He stared at her. “Why? I’m a master too, being with me won’t keep her safe from the grail war, if that’s what your thinking.”
Rider didn’t answer; she was gazing unhappily at the house, lost in her own thoughts. He stepped back, a bit unnerved. “I- I’ll think about it.”
Walking quickly to the gate before she could stop him, he fled out onto the road, anxious to tell Rin and Saber what Shinji had said. As he turned the corner he noticed that the Servant still had not moved from where she stood.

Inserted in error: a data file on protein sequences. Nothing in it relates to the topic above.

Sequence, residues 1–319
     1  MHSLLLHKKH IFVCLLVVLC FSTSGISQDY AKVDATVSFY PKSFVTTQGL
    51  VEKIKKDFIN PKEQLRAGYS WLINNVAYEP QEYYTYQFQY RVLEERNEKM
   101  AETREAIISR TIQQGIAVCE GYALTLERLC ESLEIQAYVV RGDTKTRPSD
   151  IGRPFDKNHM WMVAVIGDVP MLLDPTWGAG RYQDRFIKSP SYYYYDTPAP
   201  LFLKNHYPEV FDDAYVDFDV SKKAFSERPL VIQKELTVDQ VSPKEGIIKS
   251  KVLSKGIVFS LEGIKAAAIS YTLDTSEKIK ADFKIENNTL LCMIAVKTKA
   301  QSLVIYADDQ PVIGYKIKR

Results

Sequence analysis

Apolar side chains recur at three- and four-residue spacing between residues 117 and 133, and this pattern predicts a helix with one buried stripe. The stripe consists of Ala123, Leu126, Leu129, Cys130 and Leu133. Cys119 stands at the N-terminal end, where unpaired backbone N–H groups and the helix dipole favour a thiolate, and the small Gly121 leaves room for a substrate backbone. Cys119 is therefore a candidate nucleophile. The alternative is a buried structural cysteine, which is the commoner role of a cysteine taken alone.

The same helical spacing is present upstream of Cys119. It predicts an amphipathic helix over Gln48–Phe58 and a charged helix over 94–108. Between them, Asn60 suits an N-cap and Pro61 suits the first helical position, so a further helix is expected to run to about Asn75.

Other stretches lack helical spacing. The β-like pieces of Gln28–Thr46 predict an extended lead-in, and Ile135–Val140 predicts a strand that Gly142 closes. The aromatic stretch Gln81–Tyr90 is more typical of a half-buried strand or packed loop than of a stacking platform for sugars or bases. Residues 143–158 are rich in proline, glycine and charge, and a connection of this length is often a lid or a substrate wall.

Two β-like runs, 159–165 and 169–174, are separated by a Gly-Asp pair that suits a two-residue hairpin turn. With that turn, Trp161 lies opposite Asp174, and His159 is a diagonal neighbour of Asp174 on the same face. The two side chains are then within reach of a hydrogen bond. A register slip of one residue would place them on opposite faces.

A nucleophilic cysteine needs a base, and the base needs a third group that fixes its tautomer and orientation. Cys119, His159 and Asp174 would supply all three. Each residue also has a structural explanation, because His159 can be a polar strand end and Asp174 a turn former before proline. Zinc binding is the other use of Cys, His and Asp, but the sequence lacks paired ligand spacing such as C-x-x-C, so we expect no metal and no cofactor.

The next morning he was awakened by delightful smells wafting from the main house. He sat up and sighed with pleasure – he always loved Sakura’s cooking. The girl went to such trouble that at times he felt guilty, but she seemed to enjoy it and the food was so good that he was loathe to stop her. The array of dishes that morning was even more stunning than usual, and he dug in with gusto. Taiga chattered away, with Sakura occasionally saying a few words. As he absentmindedly accepted a second bowl of rice from the girl, he saw something that made him freeze, chopsticks raised. The faint purple tinge of a healing bruise mottled her wrist. He stared at her, noticing for the first time the dark circles beneath her eyes and the unhealthy paleness of her skin. She looked drawn and tired, and though she laughed her eyes did not sparkle like usual. How long had she been like this? Rider’s words echoed through his head – “She cares for you, help her”. Not wanting to appear as though he was staring, he joined the conversation, bantering with Taiga and keeping a close watch on Sakura out of the corner of his eye. She was hurting, that much was clear. He just had to find out why.